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Under the Sea

Wes Anderson's "The Life Aquatic with Steve Zissou" falls short.

11:00 PM, Dec 22, 2004 • By JONATHAN V. LAST
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FEW WRITER-DIRECTORS range as widely in tone and composition as Wes Anderson. His debut, the 1996 film Bottle Rocket, was a jittery, loose, and very independent comedy. Two years later, he made Rushmore, a film with movie stars and a tightly-scripted plot. Rushmore was still a comedy, but its humor was more sophisticated and wry than Bottle Rocket. Even though both films were written by Anderson and Owen Wilson, and directed by Anderson, they could have come from entirely different minds.

In 2001, Anderson made another evolutionary leap. Still writing with Wilson, he directed The Royal Tenenbaums, which may well be the most underappreciated movie of the last 20 years (the only other candidate would be Michael Mann's brilliant, overlooked 1999 film, The Insider). Like a Patek Philippe, Tenenbaums works with complete precision, the many interlocking characters spinning and grinding without a tick of wasted motion. Incredibly funny, smart, and sweet, Tenenbaums is a stealthily significant achievement.

Anderson's new movie, The Life Aquatic with Steve Zissou, is a step backward, or perhaps two steps sideways. Working with a new writing partner, indie writer-director Noah Baumbach, Anderson has mixed the tone and intricacy of Tenenbaums with the meandering free verse of Bottle Rocket. Certain of his fans--namely those who prefer early Anderson--will appreciate this new mode.

THE LIFE AQUATIC tells the story of washed-up marine-adventurer Steve Zissou (Bill Murray), whose documentaries have fallen out of favor with a once-adoring French public. During his previous expedition, Zissou lost his first-mate to a mysterious, shark-like creature, and at the movie's outset, Zissou has vowed to find the shark and kill it. "What would be the scientific purpose of killing it?" one French interviewer asks. Zissou pauses, looks calmly at the audience, and answers, "Revenge."

Zissou sets out to sea with his odd-ball crew, a reporter from Oceanographic magazine, and a man, Ned Plimpton (Owen Wilson), who may or may not be his bastard son. There are conflicts galore. The reporter, Jane (Cate Blanchett), is pregnant with the child of a man married to someone else. Zissou's wife Eleanor (Anjelica Huston) has left him for rival oceanographer Alistair Hennessey (Jeff Goldblum). The man who handles Zissou's financing, Oseary Drakoulias (Michael Gambon), is about to be expelled from France. Zissou's topless script girl, Anne-Marie Sakowitz, (Robyn Cohen), is organizing a mutiny. And then there are the pirates.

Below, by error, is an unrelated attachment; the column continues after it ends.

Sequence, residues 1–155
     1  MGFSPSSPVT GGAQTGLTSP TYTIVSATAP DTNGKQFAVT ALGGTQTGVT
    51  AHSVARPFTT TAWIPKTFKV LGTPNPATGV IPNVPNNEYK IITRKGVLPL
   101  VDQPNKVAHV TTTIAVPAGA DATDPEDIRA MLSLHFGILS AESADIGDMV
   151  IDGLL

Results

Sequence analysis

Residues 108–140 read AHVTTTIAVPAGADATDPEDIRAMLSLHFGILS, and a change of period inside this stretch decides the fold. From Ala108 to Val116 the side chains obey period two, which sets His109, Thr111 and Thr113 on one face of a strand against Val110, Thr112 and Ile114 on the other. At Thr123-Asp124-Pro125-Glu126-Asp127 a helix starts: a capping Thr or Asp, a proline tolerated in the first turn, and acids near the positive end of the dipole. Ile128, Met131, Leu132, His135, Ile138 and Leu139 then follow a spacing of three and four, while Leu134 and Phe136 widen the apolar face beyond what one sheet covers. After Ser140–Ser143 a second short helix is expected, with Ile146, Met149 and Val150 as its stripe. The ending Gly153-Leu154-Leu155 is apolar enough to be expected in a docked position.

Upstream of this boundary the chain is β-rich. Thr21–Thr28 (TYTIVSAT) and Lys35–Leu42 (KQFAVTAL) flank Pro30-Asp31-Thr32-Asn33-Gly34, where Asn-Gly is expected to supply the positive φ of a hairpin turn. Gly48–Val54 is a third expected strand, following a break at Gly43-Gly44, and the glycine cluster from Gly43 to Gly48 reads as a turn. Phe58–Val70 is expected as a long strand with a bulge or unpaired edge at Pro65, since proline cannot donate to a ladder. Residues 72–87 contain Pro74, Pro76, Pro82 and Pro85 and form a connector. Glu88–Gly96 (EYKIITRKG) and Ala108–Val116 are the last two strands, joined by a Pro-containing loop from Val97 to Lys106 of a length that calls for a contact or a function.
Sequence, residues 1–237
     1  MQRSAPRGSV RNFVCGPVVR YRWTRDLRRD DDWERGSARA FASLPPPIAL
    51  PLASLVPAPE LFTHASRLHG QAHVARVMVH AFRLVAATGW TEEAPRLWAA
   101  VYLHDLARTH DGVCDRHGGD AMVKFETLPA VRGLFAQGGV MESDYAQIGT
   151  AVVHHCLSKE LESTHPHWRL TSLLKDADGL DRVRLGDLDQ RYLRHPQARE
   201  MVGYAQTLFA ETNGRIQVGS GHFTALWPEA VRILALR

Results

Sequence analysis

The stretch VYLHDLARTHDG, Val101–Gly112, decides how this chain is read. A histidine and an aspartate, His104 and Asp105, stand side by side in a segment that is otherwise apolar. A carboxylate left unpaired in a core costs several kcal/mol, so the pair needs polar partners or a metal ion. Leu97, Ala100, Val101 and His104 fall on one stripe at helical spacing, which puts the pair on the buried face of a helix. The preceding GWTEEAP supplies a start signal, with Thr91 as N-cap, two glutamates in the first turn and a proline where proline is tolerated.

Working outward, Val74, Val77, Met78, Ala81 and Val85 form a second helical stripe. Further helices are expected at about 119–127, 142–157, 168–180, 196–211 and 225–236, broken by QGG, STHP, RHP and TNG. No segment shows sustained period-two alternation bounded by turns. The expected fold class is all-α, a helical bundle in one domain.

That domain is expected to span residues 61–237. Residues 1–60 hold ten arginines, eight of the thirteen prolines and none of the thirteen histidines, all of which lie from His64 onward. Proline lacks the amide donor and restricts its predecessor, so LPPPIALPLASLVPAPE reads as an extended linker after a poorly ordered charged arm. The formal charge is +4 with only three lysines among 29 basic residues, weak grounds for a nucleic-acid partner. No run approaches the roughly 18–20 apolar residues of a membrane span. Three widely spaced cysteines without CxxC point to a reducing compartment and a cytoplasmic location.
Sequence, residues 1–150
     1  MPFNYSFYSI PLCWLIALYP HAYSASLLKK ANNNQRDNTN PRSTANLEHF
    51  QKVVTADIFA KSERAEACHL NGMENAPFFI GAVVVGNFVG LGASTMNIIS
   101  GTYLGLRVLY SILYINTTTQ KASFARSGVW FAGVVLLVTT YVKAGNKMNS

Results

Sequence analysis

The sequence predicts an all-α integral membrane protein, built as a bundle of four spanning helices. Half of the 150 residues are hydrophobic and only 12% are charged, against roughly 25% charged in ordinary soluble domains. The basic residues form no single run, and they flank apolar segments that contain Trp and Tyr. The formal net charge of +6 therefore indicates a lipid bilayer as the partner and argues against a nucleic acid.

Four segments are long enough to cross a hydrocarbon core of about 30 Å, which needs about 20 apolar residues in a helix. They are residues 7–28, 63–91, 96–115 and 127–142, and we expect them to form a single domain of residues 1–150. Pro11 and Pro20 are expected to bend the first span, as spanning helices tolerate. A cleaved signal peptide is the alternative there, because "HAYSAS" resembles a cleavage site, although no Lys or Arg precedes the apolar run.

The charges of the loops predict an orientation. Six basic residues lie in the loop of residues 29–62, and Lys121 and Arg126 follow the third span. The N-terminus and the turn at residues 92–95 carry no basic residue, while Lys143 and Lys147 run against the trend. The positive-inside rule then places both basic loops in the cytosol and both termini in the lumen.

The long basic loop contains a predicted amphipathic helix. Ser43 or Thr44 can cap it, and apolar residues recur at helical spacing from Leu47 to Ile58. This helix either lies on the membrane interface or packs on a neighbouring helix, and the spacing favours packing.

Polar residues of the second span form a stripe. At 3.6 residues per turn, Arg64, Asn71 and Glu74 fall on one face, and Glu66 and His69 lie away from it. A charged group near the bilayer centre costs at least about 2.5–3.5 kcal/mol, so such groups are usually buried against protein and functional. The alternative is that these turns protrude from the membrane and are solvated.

Yet despite these fine contrivances, The Life Aquatic doesn't deliver in fully satisfying ways. The film wanders here and there; conflicts surface and recede without resolution. Humor lies in dense patches, but the overall effect is not particularly funny. Anderson's attention to odd detail remains. The cut-away set he uses for the ship is gorgeous and his compositions within the frame are striking. Much of the movie's score is provided by shipmate Pelé (Seu Jorge), who lays about strumming a guitar and singing old pop songs--such as David Bowie's "Space Oddity"--in Portuguese.



These details are rewarding, and The Life Aquatic is not without its charms. Blanchett's Jane, for instance, probably deserves an entire movie to herself. But in the end, The Life Aquatic does not hang together.



Who is to blame? Perhaps the new writing arrangement is responsible for the movie's undisciplined untidiness. But neither Baumbach nor Anderson should shoulder the load alone. The cast is full of fine actors, but even Murray and Wilson--two men who can do no wrong in my book--fail to get firm handles on their characters.



The Life Aquatic is a disappointment. It is the kind of noble disappointment, however, which leaves you eager to see what Wes Anderson does with his next project.



Jonathan V. Last is the film critic for The Daily Standard. He also runs the blog Galley Slaves.


Correction appended 1/4/05: The article originally identified the David Bowie song as "Ground Control to Major Tom." The correct title is "Space Oddity."